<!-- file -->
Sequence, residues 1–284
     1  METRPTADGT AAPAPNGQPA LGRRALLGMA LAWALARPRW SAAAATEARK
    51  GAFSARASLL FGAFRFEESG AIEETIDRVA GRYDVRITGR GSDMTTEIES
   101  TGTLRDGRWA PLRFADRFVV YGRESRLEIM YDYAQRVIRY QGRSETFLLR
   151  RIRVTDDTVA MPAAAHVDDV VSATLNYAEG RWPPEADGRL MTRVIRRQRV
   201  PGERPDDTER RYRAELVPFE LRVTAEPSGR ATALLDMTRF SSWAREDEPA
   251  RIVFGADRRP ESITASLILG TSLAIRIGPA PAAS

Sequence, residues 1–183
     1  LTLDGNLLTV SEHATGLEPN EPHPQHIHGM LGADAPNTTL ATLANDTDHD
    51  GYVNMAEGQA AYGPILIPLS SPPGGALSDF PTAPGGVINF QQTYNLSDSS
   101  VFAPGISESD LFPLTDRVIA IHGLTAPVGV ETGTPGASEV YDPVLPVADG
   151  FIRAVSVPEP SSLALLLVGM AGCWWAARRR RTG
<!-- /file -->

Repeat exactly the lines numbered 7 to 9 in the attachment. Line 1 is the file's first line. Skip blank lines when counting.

   251  RIVFGADRRP ESITASLILG TSLAIRIGPA PAAS

Sequence, residues 1–183
     1  LTLDGNLLTV SEHATGLEPN EPHPQHIHGM LGADAPNTTL ATLANDTDHD